There is a Story afoot . . .



A story has attacked me . . . not sure where it's from, but I have been posting chapters as they come out of my fingers. Yes, I am still posting on firearms training and my new topic of basic prepping - all links are to the right of the blog, newest posts first on the lists. Feel free to ignore the story posts - they usually start with a chapter number. But, feel free to read the story as well and comment on it - I like how it's turning out so far! Links to the various chapters are at the right under . . .

The Story

Bill

Thursday, July 12, 2012

Just the Basics – the Double-Action Semi-Automatic Pistol

 

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Another option shooters have with semi-automatic pistols is to purchase a version that has a Double Action trigger. As in a Double Action Revolver, the trigger performs two functions: First it cocks the hammer and second, it release the hammer to strike the firing pin.

In the case of a Double Action Semi-Automatic pistol, racking the slide will eject a cartridge or spent casing, strip a new round from the top of the Magazine and drive it into the chamber. However, it will NOT cock the hammer. That function is done by pressing the trigger to the rear.

Let’s take a walk through a Double Action Semi-Automatic Pistol.

The chassis, the primary component that holds all the parts together is the Frame.

The Barrel is the component that allows the bullet to exit the handgun after it is fired and adds a spin to the bullet to increase its accuracy.

The Muzzle is the region immediately at the end of the Barrel where the bullet exits.

The Front Sight, used in conjunction with the Rear Sight is used to acquire an accurate sight picture prior to engaging a threat.

The Hammer is manually cocked by pressing the trigger to the rear. The pressure is continued until the trigger “breaks” and the Hammer strikes the firing pin which, in turn, strikes the primer in the cartridge.

The Magazine contains the cartridges to be fired and feeds a new cartridge into chamber each time the weapon if fired – until the magazine is empty.

The Magazine Release is used to drop an empty magazine from the Magazine Well in order to make room for a replacement magazine that is fully loaded.

The Grip is the portion of the pistol that is actually “gripped” by the shooter. The Back Strap fits into the shooter’s palm and the Front Strap provides a purchase for the shooter’s fingers.

The Thumb Safety is a mechanical device that locks the slide in place and disables the firing pin.  It must be manually disengaged with the shooters thumb in order to prepare the weapon to fire.  (Remember, it is a MECHANICAL device and CAN fail.).

The Trigger is the component that is pressed to the rear that first cocks the internal Hammer and then releases it to strike the firing pin, firing the cartridge.  Many Double Action Semi-Automatic Pistols have a very stiff - and long – trigger pull. This, in many cases, takes the place of a manual or Thumb Safety.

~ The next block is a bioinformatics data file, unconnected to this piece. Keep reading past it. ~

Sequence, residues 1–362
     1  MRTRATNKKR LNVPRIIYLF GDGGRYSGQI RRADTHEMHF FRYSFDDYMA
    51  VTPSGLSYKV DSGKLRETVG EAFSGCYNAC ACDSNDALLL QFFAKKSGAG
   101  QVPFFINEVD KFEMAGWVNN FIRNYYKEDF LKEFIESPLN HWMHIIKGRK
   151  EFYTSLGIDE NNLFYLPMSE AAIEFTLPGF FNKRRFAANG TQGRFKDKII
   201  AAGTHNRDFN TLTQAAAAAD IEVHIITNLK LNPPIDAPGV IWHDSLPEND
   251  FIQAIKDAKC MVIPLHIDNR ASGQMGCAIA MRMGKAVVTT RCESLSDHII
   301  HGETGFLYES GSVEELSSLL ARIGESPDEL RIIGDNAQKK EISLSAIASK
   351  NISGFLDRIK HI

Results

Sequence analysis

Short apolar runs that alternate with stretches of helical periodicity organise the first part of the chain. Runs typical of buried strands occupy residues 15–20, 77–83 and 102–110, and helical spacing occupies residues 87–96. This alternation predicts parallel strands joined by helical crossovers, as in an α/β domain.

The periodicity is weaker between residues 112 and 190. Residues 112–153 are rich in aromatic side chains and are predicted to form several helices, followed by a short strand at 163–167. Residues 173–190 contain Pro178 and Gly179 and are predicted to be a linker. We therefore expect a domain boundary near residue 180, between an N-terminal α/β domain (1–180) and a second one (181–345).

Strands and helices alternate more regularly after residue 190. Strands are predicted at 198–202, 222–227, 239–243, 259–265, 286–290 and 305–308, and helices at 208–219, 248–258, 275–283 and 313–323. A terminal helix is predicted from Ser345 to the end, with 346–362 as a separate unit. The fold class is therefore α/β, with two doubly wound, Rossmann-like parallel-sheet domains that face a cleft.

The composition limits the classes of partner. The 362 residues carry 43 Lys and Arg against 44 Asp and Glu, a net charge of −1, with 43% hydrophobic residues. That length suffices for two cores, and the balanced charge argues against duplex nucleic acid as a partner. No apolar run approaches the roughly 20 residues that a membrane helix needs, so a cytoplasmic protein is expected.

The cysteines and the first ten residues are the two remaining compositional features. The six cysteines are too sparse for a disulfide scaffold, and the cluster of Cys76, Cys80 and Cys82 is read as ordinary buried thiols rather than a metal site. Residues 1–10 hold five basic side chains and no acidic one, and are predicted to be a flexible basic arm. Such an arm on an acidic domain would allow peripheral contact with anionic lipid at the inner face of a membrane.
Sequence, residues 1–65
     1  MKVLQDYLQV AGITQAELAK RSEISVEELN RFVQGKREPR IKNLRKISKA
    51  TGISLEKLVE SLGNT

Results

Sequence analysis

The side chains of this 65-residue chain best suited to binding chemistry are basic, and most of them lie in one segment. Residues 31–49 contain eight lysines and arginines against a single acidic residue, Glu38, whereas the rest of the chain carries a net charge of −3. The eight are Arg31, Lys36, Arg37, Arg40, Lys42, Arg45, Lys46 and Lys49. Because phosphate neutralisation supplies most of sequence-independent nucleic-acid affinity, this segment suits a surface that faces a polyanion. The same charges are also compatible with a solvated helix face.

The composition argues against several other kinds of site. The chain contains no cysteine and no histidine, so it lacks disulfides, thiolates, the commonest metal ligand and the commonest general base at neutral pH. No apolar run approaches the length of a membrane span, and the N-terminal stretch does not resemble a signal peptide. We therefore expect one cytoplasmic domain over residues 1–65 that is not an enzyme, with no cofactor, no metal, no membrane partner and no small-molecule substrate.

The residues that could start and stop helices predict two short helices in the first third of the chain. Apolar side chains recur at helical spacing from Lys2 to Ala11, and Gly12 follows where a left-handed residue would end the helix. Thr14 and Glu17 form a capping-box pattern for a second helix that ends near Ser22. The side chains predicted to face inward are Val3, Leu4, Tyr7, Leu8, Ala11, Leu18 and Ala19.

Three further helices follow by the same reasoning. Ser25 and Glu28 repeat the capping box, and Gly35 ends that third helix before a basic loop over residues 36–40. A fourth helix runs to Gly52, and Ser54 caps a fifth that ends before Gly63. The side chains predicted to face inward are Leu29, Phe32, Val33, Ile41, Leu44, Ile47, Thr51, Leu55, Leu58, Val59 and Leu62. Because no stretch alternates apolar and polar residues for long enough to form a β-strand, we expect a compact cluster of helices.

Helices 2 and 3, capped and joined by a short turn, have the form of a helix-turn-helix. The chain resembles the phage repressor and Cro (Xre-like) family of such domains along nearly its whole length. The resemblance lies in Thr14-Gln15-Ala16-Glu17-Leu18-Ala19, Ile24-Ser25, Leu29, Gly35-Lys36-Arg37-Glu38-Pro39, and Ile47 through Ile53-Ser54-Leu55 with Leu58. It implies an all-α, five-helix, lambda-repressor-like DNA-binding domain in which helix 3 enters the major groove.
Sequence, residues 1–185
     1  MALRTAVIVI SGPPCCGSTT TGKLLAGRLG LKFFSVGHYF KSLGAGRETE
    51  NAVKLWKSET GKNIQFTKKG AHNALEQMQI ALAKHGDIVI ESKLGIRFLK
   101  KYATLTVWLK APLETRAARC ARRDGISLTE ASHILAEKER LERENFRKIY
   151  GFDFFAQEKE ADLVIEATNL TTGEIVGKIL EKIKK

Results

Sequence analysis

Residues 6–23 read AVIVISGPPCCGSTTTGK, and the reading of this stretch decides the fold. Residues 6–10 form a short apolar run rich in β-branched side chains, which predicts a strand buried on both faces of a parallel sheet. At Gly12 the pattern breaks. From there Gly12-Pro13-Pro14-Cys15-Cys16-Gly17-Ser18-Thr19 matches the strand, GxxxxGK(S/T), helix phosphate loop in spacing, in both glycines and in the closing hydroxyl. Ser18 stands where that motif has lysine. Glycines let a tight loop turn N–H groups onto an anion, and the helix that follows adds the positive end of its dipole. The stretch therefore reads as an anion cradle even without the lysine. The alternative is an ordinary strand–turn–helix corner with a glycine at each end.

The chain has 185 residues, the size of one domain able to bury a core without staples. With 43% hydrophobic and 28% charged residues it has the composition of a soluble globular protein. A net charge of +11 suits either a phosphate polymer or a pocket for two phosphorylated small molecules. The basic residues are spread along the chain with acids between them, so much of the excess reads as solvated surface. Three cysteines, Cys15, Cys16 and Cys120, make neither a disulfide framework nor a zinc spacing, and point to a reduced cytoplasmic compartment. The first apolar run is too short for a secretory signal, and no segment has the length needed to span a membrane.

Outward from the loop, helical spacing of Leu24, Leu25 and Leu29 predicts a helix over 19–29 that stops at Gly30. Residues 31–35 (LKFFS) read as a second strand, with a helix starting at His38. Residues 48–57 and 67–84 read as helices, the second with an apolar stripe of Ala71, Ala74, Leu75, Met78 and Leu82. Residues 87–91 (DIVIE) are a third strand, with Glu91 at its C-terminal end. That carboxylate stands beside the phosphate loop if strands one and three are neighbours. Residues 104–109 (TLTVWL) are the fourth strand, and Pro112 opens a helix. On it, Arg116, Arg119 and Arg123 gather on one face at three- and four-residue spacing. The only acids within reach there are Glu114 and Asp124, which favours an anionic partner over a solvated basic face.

The Trigger Guard provides protection against an accidental discharge from rubbing the Trigger against clothing or a holster.

The Semi-Automatic Pistol is loaded by inserting a loaded Magazine into the Magazine Well and seating it with a firm palm-slap to the bottom of the Magazine. The shooter than manually racks the Slide to the rear and releases it. This will strip a new cartridge out of the Magazine and load it into the chamber at the rear of the Barrel. From this point forward, each time the weapon is fired, part of the energy is captured to automatically force the slide to the rear, eject the spent cartridge out of the Ejection Port and to strip a new cartridge from the Magazine and load it into the chamber at the rear of the Barrel. This process will continue each time the Trigger is pressed until the Magazine is empty.

Unloading can be done by depressing the Magazine Release and capturing the Magazine as it falls from the Magazine Well. To display that the weapon is empty, rack the Slide to the rear ejecting any un-fired cartridge that may still be in the chamber out of the Ejection Port. Push the Slide Lock up into the notch on the Slide. This allows the shooter to easily verify the weapon is, indeed, empty.

This particular example of a Double Action Semi-Automatic Pistol is the Ruger LC-9. It is one of my favorite carry weapons. I completed the following video review shortly after I purchased the LC-9.

 

8 comments:

  1. You do such a great job of breaking things down and making them very easy to understand. Very good for the new shooter.

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  2. AGirl : Thanks very much.

    NFO : Thank you sir, I appreciate it.

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  3. An excellent primer on a firearm! (pun intended)

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  4. This was helpful. I also really liked the picture with the parts of the gun labeled...question though-where is the Ejection Port?

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  5. Hi Joey - glad it helped.

    As for the ejection port, well . . . Mmmmm . . . you caught me. I found that when I began to label the photo I had not taken a photo of the opposite side of the gun. And, I simply did not set up the lighting to take a second photo and just decided to move forward with the post. Hopefully folks will get the idea from the other two semi-automatic pistols that the ejection port is on the opposite side of the gun that is shown.

    Thanks for stopping by - and that you found value in the post!

    Bill

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  6. Never mind ...I saw the ejection port on the Safe Action Semi-Automatic picture.

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